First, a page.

# How would I express that a variable is a very small number?

I was wondering if there were a mathematical way to note that a variable in an expression is "very small". I feel like ambiguity might be the cause of there not being one, but I'm not sure.

Example:

$\Delta A = \frac12 (r + \Delta r)^2 \Delta \theta - \frac12 r^2 \theta = r (\Delta r \Delta \theta) + \frac12(\Delta r)^2 \Delta \theta \approx r \Delta r \Delta \theta$

Error in $\Delta A$ is the term $\frac12 (\Delta r)^2 \Delta \theta$ when $\Delta r$ and $\Delta \theta$ are very small.

Is there a better way to write the bolded statement?

And on that note, is there a better way to write "Error in $\Delta A$"?

• Sometime the simbol $\ll$ is used as in $\Delta r \ll 1$ . Apr 8 '17 at 21:01
• I considered that but wasn't sure if it would really be sufficient. Thanks for your input! Apr 8 '17 at 21:03

Consider using Little o notation. This makes explicit what we mean by "a negligible error". We are ultimately interested in what happens as $\Delta r\to0$. If $f(\Delta r)=o(\Delta r)$ (i.e. if $\frac{f(\Delta r)}{\Delta r}\to0$ as $\Delta r\to0$), then $f(\Delta r)$ must be much smaller than $\Delta r$. Your final expression is a multiple of $\Delta r$, and so it is reasonable to group all lower order terms in one $o(\Delta r)$.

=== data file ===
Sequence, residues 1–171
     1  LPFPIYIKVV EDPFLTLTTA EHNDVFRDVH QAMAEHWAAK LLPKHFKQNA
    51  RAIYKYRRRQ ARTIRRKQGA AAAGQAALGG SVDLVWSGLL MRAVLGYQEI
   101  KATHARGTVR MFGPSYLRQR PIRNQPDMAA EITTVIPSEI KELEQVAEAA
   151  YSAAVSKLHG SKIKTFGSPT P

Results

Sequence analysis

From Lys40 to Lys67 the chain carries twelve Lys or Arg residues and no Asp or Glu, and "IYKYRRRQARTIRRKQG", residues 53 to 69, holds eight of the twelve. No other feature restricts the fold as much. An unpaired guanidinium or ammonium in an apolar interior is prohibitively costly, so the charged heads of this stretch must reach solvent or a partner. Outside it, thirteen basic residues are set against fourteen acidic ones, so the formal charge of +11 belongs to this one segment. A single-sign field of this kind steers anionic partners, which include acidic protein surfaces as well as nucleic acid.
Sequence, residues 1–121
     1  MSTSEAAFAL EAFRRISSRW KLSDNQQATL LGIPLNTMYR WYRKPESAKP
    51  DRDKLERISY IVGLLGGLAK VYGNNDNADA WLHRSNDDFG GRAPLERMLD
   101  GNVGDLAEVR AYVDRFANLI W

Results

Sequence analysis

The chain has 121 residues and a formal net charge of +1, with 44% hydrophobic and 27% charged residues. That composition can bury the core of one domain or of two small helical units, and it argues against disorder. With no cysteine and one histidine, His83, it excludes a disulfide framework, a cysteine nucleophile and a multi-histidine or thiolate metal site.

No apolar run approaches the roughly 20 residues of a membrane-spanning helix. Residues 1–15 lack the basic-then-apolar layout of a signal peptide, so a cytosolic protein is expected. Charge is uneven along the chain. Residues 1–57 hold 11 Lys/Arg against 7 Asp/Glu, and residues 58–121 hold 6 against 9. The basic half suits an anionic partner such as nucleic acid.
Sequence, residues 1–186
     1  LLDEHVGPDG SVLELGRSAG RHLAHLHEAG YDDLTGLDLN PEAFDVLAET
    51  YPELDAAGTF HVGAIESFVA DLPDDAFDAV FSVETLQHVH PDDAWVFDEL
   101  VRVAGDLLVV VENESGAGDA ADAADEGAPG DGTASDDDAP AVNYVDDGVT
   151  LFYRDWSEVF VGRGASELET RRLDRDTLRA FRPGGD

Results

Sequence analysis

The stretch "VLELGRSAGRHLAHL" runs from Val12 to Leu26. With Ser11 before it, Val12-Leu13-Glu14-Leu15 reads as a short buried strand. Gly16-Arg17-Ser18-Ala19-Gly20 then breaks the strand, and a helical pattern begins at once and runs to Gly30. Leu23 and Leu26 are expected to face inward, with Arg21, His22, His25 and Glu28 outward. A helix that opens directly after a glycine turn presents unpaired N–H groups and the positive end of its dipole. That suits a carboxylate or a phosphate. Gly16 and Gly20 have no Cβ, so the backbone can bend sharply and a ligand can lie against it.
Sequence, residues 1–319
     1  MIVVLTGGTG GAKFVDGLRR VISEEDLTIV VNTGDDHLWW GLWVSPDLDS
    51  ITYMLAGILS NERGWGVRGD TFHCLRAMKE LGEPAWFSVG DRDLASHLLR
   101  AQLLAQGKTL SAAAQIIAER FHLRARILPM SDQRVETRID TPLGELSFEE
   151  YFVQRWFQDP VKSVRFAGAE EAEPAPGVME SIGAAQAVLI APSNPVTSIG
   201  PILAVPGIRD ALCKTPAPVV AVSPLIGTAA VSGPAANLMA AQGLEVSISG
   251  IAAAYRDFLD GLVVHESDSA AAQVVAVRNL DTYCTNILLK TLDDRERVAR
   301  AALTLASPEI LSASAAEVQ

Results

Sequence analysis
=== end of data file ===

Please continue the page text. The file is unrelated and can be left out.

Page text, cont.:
Another example: we know $\lim_{\Delta x\to0}\frac{\sin(x+\Delta x)-\sin(x)}{\Delta x}=\cos(x)$. We could rewrite this as $$\sin(x+\Delta x)=\sin(x)+\Delta x\cos(x)+o(\Delta x).$$ The difference between $\sin(x+\Delta x)$ and $\sin(x)+\Delta x\cos(x)$ is not zero, but on the scale of $\Delta x$ it is so small that does not affect our limit.

• Ha, thanks! As a CS major I had only ever heard of Big-O notation before. Apr 8 '17 at 21:01

You can write $\Delta r, \Delta\theta < \epsilon$, if that is what you are asking.

For the error part you could say, for example:

$$e = \lVert\Delta A - \Delta A^*\rVert$$

where $e$ is the error and $\Delta A^*$ the real value of $\Delta A$.